Bottom line is, we need to be vigilant.  Especially now, in an era where photos and information can be easily manipulated or taken out of context and made to suit specific agendas.  And I get it, it’s hard.  There are even blog sites out there that will make themselves appear to be a news website in an attempt to gain more followers or spread their message.  It’s a metaphorical minefield out there on the internet. and you can never be one hundred percent certain you won’t step right on top of one.  But you can do your part.  Before you click “share” on that buzzy meme, maybe do a little searching on Google to see if the meme’s information is accurate.  If it isn’t, don’t give it the time of day.  Don’t give it its fifteen minutes of fame.  Don’ t give it time in the spotlight.  You’ll be doing us all a favor.

And now, before I go, I leave you with this:




Yes, I did that all by myself…using tools I found on the internet.


Don’t look at me like that.


Thanks for reading!  Check back next Wednesday for another post, and as always, have a wonderful week.

You can like the Rumination on the Lake Facebook page here.


Echoes of Orlando: Victim’s Families Target Social Media in New Lawsuit

June 12, 2016 is not a day people are going to soon forget.  On that day, a shooter who claimed allegiance to ISIS stepped into the nightclub and killed forty-nine people.  It was the worst mass shooting in United States history, the fallout of which is still being felt today.  Just this past Monday, families of three of the victims filed a lawsuit against Facebook, Twitter, and Google, arguing that they provided material support to ISIS by allowing them to use social media as a recruiting platform.  According to an article by the Christian Science Monitor, the allegation is going to be tough to prove.

A professor in the article states that “their biggest success is going to be in the national media and causing embarrassment to these providers, because it is true that you have jihadi propaganda that flies across Twitter and flies across the internet.”  The professor goes on to state that the situation boils down to a First Amendment debate.  “It’s a battle between increased security and civil liberties,” he says.

Now this isn’t the first case against a social media company in regards to terrorism.  Many private parties have pursued lawsuits in recent years, although the Department of Justice has never accused a social media platform of providing material support to terrorists.  According to the Christian Science Monitor article, only one of these cases (Fields vs. Twitter) ever resulted in a ruling, and it was dismissed by a federal judge.  The reason for this lies in something called the Communications Decency Act.  Section 230 of the act says “No provider or user of an interactive computer service shall be treated as the publisher or speaker of any information provided by another information content provider.”  In short, companies or people who host or republish speech cannot be held accountable for what others say and do.  It’s the largest hurdle for lawsuits like these, and it hasn’t been jumped yet.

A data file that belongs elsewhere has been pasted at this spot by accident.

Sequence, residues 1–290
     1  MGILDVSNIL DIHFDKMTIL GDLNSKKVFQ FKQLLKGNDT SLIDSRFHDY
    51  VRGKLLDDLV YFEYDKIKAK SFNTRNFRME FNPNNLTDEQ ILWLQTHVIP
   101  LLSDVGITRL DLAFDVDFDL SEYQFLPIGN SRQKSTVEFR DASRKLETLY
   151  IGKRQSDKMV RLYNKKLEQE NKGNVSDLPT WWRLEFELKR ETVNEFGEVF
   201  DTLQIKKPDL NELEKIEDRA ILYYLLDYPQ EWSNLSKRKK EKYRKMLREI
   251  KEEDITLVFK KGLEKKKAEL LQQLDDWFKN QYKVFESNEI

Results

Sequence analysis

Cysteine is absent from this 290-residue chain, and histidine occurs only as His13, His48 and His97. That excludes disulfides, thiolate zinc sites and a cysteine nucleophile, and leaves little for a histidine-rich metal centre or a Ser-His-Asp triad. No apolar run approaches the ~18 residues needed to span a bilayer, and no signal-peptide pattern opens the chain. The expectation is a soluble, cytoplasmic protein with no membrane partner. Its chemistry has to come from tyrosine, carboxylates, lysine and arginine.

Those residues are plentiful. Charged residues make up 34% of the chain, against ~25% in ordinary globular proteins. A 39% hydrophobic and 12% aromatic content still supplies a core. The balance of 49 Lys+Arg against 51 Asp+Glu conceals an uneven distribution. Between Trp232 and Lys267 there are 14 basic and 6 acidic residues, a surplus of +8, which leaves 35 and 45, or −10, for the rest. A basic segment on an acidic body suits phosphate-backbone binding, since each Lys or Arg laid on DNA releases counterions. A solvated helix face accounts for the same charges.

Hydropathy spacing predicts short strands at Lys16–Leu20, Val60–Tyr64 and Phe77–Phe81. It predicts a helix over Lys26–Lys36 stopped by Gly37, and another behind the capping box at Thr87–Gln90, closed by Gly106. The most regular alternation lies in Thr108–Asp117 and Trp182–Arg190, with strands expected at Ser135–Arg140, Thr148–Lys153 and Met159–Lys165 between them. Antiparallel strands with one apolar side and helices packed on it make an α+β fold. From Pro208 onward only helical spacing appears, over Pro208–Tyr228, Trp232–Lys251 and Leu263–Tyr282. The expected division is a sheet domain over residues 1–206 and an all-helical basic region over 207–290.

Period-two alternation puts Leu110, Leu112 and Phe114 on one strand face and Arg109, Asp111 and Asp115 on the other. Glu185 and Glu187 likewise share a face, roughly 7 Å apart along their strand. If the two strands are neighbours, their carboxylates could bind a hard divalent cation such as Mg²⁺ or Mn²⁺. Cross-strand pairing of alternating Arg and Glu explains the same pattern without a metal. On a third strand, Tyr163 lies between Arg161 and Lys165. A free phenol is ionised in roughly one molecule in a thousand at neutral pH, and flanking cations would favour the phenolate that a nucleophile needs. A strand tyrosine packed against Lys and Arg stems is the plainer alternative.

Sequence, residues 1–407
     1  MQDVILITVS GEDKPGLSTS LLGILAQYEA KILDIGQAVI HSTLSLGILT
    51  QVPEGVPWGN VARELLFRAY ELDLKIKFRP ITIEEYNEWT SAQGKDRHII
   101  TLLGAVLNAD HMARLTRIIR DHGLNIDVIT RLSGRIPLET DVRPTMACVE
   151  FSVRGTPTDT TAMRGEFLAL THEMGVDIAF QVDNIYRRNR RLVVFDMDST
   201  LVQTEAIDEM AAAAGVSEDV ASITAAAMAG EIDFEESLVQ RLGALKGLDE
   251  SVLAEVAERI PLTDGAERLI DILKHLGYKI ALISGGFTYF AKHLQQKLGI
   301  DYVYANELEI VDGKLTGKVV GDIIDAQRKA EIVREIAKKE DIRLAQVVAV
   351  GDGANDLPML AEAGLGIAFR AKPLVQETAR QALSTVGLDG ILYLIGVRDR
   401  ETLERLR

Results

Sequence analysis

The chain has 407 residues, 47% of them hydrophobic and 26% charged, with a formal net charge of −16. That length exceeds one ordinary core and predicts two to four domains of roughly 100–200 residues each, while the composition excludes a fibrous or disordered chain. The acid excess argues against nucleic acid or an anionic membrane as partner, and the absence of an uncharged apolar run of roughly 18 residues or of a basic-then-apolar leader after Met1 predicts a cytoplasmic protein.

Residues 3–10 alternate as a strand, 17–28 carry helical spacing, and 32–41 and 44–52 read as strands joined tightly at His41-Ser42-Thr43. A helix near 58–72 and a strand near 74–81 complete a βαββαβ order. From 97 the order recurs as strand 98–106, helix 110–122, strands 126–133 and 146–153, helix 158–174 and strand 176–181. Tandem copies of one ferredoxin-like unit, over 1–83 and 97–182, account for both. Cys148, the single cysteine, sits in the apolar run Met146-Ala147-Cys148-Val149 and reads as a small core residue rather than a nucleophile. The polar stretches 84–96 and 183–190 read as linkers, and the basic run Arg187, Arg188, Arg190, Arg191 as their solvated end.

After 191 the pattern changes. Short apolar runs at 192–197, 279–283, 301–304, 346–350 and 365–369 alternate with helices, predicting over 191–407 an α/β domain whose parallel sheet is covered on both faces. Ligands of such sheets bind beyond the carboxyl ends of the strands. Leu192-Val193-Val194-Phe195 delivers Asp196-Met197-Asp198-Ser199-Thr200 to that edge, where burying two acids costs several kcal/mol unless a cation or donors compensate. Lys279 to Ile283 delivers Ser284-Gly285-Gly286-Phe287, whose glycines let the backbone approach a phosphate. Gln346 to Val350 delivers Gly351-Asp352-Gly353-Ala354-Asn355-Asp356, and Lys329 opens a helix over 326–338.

However, the lawsuit aims to tackle the issue in a new direction.  They’re arguing that by matching the content of users with targeted advertisements, social media sites are in effect creating their own content and profiting off of terrorist users’ content as they do off of all posts.  They acknowledge that Facebook and other sites have taken steps to remove such content when it is reported to them by users, but they argue that the sites should be taking bigger steps to combat such posts.

Now that we’ve gotten the background out of the way, it’s opinion time.

It seems that this case boils down to a situation of free speech vs. increased security (as the professor from the article said).  And the problem becomes one of “how far do you go?”  Normally I consider the slippery slope argument a logical fallacy, but in the case of civil liberties it’s an apt one to make.  When you start trying to stifle free speech, no matter how reprehensible, where does it end?  Sure, we say that we’re fighting terrorism, but our definition of what can be considered terrorism could change.  Today we say we’re fighting against ISIS because of their violent agenda, but tomorrow we could be policing groups who spout anti-government rhetoric because we’re concerned they might “incite violence”.  Pretty soon anyone who burns a flag or questions the government could be scrutinized, analyzed, and denied the right to speak for fear of “public safety” if we choose to go down that path.